Phony weapons documents cited by the United States and Britain as evidence against Saddam Hussein were initially obtained by Italian intelligence authorities, who may have been duped into paying for the forgeries, U.S. officials said Friday.
The documents, which purport to show Iraqi efforts to acquire uranium from Niger, were exposed as fraudulent by U.N. weapons inspectors last week. The matter has embarrassed U.S. and British officials.
U.S. officials said Friday that they still do not know who forged the documents, but the disclosure that they were first obtained by Italian authorities sheds light on how they came to the attention of American intelligence.
"I don't mean to suggest that Italy created the documents. I don't think they have any reason to," one U.S. official said. "It's conceivable that some con man sold it to them."
The CIA first heard allegations that Iraq was seeking uranium from Niger in late 2001 but did not obtain the documents until about a month ago, and it promptly turned them over to U.N. inspectors, the official said.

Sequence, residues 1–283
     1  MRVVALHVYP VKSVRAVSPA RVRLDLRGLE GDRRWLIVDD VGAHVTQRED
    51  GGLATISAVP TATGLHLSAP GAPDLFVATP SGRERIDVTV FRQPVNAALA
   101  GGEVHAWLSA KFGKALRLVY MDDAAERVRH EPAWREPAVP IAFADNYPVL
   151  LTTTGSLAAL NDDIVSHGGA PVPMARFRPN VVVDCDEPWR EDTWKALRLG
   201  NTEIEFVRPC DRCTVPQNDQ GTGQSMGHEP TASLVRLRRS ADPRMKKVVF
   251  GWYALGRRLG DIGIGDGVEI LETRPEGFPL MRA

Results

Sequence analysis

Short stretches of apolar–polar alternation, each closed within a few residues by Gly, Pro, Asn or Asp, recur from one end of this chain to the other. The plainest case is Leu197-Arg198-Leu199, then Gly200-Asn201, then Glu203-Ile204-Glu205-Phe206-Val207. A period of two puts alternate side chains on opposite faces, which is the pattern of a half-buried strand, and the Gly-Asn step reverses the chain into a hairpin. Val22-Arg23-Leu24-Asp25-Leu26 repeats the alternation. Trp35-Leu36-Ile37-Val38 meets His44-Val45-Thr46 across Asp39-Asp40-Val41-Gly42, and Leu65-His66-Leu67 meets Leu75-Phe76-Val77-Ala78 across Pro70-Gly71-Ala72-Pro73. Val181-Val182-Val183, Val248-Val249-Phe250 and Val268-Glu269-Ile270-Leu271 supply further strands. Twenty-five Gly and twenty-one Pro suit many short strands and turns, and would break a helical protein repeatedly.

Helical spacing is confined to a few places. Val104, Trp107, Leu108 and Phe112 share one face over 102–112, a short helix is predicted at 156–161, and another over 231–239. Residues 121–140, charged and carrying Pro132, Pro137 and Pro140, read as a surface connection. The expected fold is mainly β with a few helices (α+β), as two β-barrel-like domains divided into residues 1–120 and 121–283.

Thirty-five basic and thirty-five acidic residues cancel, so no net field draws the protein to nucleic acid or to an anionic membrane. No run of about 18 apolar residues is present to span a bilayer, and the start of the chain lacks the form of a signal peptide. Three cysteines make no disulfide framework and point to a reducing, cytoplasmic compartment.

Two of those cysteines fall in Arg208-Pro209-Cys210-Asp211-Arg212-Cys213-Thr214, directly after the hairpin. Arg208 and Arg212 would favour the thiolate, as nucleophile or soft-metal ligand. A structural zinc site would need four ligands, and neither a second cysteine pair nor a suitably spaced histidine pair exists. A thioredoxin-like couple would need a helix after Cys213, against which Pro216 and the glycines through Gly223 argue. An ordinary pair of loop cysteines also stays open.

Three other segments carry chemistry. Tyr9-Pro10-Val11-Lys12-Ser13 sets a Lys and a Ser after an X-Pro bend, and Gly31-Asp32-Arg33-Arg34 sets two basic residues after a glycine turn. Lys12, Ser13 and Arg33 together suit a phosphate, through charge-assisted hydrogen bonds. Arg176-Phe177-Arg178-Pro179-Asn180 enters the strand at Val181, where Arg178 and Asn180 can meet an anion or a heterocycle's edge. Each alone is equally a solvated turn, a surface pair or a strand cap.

Initially, the existence of the documents "was reported to us second- or third- hand," the official said. "We included that in some of our reporting, although it was all caveated because we had concerns about the accuracy of that information."
The official also said the CIA expressed concern about the documents' authenticity when they were given to the U.N.
The disclosures came as the ranking Democrat on the Senate Intelligence Committee called for the FBI to investigate.
The documents "may be part of a larger deception campaign aimed at manipulating public opinion and foreign policy regarding Iraq," Sen. John D. "Jay" Rockefeller IV (W.Va.) said in a letter to the bureau.
An aide to Rockefeller said he is pressing for the inquiry to allay concerns overseas that the U.S. might have forged the documents, which U.S. officials insist is untrue. FBI officials said the bureau would likely launch an inquiry, although there were questions about whether it had jurisdiction over the matter.
Rockefeller's move provoked a pointed response from the committee chairman, Sen. Pat Roberts (R-Kan.).
"The implication of Sen. Rockefeller's letter is that the intelligence community forged these documents to somehow bolster the case against Iraq," he said in a statement. "The United States does not need this one piece of evidence to make its case against Iraq."
Times wire services contributed to this report.